This post is written by Alec Miller, Manager of Measured Innovation at TechAlliance.
You’ve probably seen a movie in 3D. Perhaps you own or know somebody who owns a television with 3D viewing capability. But what about a 3D printer? Chances are, you haven’t used one yourself, although you may have heard about 3D printers and will certainly be hearing more about them over the next few years.
3D printing, known more technically as “additive manufacturing,” is a major departure from traditional approaches to manufacturing. For as long as anyone can remember, manufacturing has been “subtractive,” meaning that producers would start with more material than they needed, and then mold it, form it, and machine it so that the end product conformed to the design.
Additive manufacturing, in contrast, uses 3D printers to build parts, layer by layer, from the ground up.
It’s important to point out that 3D printing is not a new technology. However, it is at or near an important inflection point right now. Those familiar with the technology adoption lifecycle described by Geoffrey Moore in his book Crossing the Chasm, or market research firm Gartner’s Hype Cycle, know that in the world of technology, timing is critical.
Gartner believes that 3D printing is currently around the “peak of inflated expectations” phase of the lifecycle, although people like Alex Daly from investment research firm Casey Research seem to think it’s a bit closer to achieving mass market adoption beyond the pioneering innovators and early adopters.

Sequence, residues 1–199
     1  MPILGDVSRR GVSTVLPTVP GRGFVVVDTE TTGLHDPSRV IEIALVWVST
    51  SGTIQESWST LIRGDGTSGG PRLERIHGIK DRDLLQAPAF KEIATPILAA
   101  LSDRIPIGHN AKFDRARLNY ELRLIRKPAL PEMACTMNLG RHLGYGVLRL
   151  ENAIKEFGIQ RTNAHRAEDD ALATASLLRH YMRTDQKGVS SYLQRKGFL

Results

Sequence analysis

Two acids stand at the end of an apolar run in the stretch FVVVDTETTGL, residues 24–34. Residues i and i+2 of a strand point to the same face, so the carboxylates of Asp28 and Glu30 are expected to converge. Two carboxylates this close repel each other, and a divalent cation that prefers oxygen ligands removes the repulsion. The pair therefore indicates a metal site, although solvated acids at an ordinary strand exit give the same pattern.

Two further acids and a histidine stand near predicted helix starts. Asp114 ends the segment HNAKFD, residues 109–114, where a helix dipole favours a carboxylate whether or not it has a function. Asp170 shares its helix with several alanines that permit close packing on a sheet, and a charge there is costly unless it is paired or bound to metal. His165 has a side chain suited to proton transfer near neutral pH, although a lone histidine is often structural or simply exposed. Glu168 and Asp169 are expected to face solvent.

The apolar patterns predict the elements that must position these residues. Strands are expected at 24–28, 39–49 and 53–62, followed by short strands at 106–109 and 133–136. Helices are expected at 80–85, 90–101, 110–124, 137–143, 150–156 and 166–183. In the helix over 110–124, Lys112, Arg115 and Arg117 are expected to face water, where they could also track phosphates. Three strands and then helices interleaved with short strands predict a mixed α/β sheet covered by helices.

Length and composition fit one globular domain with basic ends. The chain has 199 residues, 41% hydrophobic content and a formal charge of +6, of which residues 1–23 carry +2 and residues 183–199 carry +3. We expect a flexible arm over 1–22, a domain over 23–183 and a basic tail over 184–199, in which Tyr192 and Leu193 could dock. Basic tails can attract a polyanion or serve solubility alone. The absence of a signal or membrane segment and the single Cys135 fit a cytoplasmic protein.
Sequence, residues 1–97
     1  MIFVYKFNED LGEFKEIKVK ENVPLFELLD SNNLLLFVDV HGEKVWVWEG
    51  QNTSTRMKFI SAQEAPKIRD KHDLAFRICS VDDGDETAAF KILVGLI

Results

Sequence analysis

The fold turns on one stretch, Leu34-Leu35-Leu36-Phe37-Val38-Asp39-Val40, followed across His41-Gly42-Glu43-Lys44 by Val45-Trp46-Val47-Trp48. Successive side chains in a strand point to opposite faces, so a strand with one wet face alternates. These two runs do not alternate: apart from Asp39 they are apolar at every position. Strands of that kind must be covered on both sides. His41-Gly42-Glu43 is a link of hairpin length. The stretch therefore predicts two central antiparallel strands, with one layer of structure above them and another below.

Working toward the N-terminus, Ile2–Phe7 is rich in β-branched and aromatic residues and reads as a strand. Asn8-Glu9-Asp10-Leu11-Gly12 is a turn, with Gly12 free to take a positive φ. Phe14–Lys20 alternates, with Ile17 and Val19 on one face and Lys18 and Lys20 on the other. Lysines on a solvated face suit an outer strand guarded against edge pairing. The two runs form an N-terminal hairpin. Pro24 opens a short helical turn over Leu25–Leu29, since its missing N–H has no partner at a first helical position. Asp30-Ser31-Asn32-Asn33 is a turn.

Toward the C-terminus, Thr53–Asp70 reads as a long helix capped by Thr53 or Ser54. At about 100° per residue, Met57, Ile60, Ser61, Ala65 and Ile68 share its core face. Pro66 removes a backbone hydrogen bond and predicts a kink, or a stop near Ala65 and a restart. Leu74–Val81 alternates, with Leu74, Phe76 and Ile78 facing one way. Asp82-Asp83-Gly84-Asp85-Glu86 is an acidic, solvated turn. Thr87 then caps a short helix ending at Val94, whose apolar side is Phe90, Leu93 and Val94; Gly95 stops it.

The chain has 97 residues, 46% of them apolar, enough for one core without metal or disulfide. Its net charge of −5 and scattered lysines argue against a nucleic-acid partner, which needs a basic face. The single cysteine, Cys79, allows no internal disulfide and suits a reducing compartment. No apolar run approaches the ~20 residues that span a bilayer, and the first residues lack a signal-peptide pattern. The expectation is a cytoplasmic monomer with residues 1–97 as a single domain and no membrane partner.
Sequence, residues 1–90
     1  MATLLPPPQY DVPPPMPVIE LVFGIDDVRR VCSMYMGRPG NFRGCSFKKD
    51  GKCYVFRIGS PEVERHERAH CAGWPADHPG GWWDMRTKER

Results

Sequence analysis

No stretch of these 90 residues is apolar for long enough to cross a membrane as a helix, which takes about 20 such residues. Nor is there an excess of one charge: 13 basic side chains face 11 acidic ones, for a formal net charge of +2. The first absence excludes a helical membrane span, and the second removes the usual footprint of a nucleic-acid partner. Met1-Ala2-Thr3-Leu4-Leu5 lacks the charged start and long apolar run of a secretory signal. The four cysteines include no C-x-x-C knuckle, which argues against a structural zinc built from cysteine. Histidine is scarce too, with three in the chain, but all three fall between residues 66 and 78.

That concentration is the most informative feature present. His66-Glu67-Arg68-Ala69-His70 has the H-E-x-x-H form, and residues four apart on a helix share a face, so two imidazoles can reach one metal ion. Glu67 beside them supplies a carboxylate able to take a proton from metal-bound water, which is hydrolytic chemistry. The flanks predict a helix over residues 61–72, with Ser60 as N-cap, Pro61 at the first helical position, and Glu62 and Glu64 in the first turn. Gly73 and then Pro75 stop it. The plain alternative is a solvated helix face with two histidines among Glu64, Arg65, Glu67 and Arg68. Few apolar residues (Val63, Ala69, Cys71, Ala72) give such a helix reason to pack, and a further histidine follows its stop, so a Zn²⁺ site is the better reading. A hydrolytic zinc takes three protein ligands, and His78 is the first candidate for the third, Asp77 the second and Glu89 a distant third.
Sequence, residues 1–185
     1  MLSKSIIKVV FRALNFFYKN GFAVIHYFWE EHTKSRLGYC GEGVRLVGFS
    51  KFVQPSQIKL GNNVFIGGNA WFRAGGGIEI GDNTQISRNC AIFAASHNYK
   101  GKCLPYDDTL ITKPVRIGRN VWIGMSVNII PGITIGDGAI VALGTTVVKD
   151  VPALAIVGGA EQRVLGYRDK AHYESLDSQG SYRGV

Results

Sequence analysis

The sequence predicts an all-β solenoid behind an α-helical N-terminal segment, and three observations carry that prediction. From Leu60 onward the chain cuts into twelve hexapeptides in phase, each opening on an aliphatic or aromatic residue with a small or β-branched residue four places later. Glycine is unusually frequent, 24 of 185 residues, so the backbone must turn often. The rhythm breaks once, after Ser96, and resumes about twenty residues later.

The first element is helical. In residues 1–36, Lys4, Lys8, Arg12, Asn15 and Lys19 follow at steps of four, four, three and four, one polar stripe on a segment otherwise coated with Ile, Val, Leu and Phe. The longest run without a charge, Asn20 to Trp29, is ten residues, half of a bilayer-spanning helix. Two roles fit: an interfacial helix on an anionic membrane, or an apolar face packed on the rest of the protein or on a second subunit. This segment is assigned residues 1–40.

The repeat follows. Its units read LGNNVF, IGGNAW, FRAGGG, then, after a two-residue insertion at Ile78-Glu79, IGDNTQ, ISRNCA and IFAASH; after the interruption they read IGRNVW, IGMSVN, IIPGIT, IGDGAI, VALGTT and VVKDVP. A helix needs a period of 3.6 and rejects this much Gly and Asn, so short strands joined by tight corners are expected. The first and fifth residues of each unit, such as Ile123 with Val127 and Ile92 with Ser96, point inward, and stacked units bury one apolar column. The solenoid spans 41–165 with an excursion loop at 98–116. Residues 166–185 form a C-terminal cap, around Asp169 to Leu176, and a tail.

But, whether it’s two, five or ten years before 3D printing achieves mass market adoption, the technology is getting better and cheaper at an accelerating rate, and these trends will have a major impact on how products are designed, prototyped, manufactured and sold.
For those individuals and organizations trying to stay relevant in a fast-changing world, it seems only prudent to pay attention to this important trend.
If you’re interested in learning more about the social and economic implications that this technology could have, check out a list I compiled for some more links on 3D printing technology and the broader implications that it could have in the future.
Closer to home, TechAlliance will be hosting a new event on November 22 to showcase the exciting technology frontier of 3D printing. Print Your Part, in partnership with Javelin Technologies and two design collaborators, will showcase this rapidly advancing technology, complete with a live demonstration, and how it may impact your business in the near future.
In addition to broadening your knowledge on this subject, you will have the opportunity to print one part for your business. If you would like to have a part printed, register for Print Your Part and submit your 3D design online at www.javelin-tech.com.